- Children: 1-3 years: 0.5 mg/day
- Children: 4-8 years: 0.6 mg/day
- Children: 9-13 years: 1.0 mg/day
- Teens 14-18 years (males): 1.3 mg/day
- Teens 14-18 years(females): 1.2 mg/day
- Adults 19-50: 1.3 mg/day
- Adults 51+ (males): 1.7 mg/day
- Adults 51+ (females): 1.5 mg/day
- Pregnant women: 1.9 mg/day
- Breastfeeding women: 2.0 mg/day
* adequate intake (AI)
These values are for general informational purposes and may not be suitable for everyone. Individual nutrient needs can vary based on factors such as age, sex, body size, genetics, health status, and specific dietary requirements. Always consult with a healthcare professional for personalised recommendations based on your individual needs and circumstances.
What Are the Signs of Vitamin B6 Deficiency?
- Skin Disorders: One of the early signs of vitamin B6 deficiency can be skin problems such as dermatitis, seborrheic dermatitis, or angular cheilitis (cracks in the corners of the mouth). These conditions typically present as scaly, itchy, and inflamed skin.
- Mood Changes: A lack of vitamin B6 can lead to mood disturbances, as the vitamin is involved in producing neurotransmitters like serotonin and dopamine, which regulate mood. Symptoms may include irritability, depression, and anxiety.
- Cognitive Dysfunction: In severe cases, vitamin B6 deficiency may lead to cognitive issues such as confusion, memory problems, and difficulty concentrating.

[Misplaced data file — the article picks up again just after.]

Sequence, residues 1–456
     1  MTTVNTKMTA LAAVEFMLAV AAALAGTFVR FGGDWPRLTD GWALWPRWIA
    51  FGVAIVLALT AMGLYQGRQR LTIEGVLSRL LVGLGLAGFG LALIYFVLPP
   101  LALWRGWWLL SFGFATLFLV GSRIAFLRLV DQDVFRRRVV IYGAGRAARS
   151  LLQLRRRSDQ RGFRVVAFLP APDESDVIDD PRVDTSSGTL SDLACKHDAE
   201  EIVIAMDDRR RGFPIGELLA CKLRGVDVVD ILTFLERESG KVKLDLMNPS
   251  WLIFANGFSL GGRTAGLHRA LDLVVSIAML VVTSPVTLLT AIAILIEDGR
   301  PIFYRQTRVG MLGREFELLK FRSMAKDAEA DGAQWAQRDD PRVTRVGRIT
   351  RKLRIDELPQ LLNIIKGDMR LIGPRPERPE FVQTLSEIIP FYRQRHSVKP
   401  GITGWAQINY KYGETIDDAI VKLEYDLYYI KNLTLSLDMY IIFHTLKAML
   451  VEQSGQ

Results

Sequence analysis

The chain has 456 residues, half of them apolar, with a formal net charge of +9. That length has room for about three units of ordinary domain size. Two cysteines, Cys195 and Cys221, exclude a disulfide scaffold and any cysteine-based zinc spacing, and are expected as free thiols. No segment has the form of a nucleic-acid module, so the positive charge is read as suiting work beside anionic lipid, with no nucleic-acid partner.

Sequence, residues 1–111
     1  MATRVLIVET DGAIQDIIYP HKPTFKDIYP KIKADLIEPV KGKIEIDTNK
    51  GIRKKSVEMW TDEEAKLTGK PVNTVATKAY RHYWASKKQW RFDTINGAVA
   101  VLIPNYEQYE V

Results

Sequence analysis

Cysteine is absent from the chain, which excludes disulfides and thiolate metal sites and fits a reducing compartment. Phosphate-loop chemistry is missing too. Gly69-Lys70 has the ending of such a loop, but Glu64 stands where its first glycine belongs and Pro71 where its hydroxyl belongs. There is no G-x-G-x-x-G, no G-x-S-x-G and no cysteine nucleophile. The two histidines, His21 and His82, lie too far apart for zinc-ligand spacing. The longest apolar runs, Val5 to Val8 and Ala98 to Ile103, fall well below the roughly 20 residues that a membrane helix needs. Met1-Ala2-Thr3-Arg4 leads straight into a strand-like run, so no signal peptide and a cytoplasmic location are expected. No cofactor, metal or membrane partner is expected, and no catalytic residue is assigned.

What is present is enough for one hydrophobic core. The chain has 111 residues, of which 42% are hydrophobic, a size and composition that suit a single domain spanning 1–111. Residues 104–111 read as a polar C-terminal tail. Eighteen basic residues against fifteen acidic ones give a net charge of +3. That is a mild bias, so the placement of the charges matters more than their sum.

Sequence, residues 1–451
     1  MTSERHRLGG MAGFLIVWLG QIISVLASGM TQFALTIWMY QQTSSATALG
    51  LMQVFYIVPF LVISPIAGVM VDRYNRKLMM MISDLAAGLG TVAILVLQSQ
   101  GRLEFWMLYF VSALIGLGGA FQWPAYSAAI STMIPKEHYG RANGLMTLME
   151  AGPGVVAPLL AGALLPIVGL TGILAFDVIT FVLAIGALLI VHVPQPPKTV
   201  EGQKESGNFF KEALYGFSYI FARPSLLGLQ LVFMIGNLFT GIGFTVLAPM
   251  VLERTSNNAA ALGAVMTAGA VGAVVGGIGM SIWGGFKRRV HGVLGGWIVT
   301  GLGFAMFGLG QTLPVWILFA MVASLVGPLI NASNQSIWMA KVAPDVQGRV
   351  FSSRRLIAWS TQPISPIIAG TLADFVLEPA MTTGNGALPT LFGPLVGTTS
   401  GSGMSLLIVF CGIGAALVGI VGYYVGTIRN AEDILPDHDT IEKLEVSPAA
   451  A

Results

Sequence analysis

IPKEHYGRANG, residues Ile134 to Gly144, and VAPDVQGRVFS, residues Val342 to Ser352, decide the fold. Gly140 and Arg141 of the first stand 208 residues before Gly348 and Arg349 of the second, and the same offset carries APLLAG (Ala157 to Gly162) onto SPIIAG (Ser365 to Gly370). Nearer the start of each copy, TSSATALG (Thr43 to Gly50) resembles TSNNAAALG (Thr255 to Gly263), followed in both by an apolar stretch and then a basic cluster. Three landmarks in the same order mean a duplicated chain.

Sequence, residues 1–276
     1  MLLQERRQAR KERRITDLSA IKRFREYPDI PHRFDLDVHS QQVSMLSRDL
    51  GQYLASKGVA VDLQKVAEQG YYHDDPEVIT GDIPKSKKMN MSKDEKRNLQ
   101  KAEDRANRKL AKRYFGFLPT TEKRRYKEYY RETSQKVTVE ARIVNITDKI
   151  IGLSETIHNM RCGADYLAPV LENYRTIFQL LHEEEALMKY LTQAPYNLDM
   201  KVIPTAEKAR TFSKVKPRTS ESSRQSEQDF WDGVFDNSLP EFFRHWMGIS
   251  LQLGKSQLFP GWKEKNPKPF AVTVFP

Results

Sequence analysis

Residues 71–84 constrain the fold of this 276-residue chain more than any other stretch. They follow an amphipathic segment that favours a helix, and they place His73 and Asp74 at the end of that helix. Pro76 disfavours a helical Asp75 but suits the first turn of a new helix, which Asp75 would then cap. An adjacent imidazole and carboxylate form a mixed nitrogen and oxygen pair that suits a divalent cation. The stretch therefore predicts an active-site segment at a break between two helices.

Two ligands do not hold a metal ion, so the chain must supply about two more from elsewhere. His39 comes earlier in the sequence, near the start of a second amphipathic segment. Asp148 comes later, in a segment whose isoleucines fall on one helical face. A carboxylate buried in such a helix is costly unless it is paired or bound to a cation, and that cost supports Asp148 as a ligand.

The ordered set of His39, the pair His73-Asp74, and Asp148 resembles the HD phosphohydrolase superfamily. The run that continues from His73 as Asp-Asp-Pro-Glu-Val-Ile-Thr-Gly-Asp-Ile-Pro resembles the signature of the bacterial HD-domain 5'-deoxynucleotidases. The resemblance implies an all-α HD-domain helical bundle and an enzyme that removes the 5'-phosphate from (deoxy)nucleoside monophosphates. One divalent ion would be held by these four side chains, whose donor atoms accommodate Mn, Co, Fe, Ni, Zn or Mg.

- Anaemia: Since vitamin B6 is involved in the production of haemoglobin, deficiency can cause anaemia. Symptoms of anaemia include fatigue, weakness, and pale skin.
- Weakened Immune Function: Vitamin B6 plays a role in maintaining a healthy immune system. A deficiency can result in a weakened immune response and increased susceptibility to infections.
What Happens If I Take Too Much Vitamin B6?
Vitamin B6, or pyridoxine, is a water-soluble vitamin, and excess amounts are typically excreted through urine. However, taking extremely high doses of vitamin B6, usually in the form of supplements, can lead to toxicity and cause negative side effects. Some possible side effects of taking too much vitamin B6 include:
- Nerve damage: High doses of vitamin B6 (typically above 1,000 mg per day) taken over an extended period can cause nerve damage, resulting in symptoms like tingling, numbness, or burning sensations in the hands and feet (peripheral neuropathy). This condition can be severe and may not be fully reversible even after discontinuing the supplements.
- Sensitivity to sunlight: In some cases, excessive vitamin B6 intake can lead to increased sensitivity to sunlight, causing skin rashes and other related symptoms.
- Nausea and vomiting: Taking large doses of vitamin B6 supplements can cause gastrointestinal issues, such as nausea and vomiting, in some individuals.
- Headaches: In rare cases, high intake of vitamin B6 might cause headaches, dizziness, or other neurological symptoms.
- Interaction with medications: High doses of vitamin B6 can interact with certain medications, such as anticonvulsants, potentially reducing their effectiveness.
It is essential to get the right amount of vitamin B6, as both deficiency and excess can have negative health consequences. Most people can meet their vitamin B6 requirements through a balanced diet without needing supplements. If you’re concerned about your vitamin B6 intake or are considering taking supplements, consult with a healthcare professional or registered dietitian for personalised advice and recommendations.